"Eric asked me to tell him everything I had done in my life that I was ashamed about," the teen added.

The accuser said Pepin asked him how old he was the first day they met and that he told him the truth.

"He said students had to be 18 because he didn't like parents fussing around," the accuser said.

But within days the two were having sex, including a three-way encounter with Priebe, the youth testified. Pepin called it "crossing the abyss," the accuser said, "surrendering yourself to your teacher, your master."

Pepin testified he is gay and has had sexual relationships with most of his 11 employees, but not before they were 18. Pepin said he gave his accuser a job, even though the teen was a poor worker, and continued to be intimate with him and give him money after he was fired, to help him out.

Stephen A. Houze, Pepin's private defense attorney, called the accuser a liar more than 100 times in his closing argument and noted that Pepin was "the perfect patsy" because society wants to believe the worst of a gay man. Houze said the accuser brought the charges because he wanted to shake down Pepin.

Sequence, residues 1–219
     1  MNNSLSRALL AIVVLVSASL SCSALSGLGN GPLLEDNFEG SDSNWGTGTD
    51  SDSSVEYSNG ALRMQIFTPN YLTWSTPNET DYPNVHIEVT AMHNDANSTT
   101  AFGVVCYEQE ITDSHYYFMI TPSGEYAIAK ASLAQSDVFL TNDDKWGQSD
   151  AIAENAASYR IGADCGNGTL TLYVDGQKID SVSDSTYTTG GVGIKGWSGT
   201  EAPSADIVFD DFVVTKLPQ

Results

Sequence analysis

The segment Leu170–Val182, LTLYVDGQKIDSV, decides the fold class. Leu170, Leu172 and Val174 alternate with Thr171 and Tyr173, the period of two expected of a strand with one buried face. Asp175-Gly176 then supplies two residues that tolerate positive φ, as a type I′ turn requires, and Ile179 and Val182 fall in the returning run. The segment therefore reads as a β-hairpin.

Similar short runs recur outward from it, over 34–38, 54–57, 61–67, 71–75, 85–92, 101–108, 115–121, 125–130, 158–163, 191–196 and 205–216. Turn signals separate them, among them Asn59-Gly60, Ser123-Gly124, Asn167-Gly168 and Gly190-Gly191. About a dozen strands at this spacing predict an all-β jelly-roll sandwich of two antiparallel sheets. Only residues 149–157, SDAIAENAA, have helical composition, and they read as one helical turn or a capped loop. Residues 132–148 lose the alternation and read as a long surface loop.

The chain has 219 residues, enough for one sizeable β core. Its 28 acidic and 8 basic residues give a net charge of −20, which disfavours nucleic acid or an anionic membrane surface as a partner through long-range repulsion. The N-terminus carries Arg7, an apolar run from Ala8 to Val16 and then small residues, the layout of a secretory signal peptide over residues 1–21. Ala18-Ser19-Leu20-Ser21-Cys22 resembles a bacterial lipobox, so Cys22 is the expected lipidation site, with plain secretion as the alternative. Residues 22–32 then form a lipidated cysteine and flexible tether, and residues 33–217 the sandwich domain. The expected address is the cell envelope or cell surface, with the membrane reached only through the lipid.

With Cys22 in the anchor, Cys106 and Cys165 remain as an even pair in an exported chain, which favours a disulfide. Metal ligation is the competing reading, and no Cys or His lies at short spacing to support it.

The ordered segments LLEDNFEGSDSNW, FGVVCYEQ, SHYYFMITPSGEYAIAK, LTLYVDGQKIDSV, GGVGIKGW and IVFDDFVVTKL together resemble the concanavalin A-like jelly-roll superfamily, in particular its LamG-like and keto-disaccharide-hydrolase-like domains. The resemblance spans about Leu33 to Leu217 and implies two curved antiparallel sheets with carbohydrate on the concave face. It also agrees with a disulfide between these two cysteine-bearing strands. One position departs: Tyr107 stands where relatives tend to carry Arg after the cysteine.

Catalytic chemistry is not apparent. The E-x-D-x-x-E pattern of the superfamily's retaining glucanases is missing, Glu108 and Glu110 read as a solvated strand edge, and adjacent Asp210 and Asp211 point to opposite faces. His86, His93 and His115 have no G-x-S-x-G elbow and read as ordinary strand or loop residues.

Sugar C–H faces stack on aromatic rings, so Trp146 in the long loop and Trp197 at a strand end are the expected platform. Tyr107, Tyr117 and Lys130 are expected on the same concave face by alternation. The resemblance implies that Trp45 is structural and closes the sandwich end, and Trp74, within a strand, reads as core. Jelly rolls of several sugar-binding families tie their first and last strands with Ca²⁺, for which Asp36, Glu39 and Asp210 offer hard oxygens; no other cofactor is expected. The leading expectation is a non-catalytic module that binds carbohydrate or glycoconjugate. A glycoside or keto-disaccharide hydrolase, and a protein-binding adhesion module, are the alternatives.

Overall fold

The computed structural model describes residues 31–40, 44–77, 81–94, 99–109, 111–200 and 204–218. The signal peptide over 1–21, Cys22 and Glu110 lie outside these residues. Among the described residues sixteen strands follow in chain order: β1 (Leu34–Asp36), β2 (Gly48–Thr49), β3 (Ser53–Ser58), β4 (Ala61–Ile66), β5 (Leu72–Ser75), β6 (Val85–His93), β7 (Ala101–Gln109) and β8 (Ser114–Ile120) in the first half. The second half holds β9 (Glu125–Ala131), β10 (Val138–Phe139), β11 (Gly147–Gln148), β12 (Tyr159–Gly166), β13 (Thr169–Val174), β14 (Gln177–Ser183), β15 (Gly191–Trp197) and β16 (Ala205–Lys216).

Pepin's Higher Balance Institute, now on Northwest Saltzman Road in Cedar Mill, reached an annual high of $2 million in Internet sales of meditation CDs, tapes and books before his arrest in July.

Pepin touts himself as a psychic and "remote viewer" who has found lost submarines and missing people, and says he created the "psychic pill" Magneurol6-S that enhances brain function, heals nerve damage, heightens paranormal experiences and relieves stress for $79 a bottle.

Andrew Erwin, deputy district attorney, called Higher Balance nothing more than a sex cult run by a "snake oil" salesman who preys on the troubled.

The accuser had nothing to gain by going to police and turned down $250,000 from Pepin to drop the sex charges, Erwin said.

"I'm disappointed," Erwin said of the verdicts. "The judge wants proof beyond all doubt and that's too high a standard."

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The person who wrote that book must be a hippy or wannabe monk. I didn't get anything out of reading that.

your name being suboxone might have something to do with that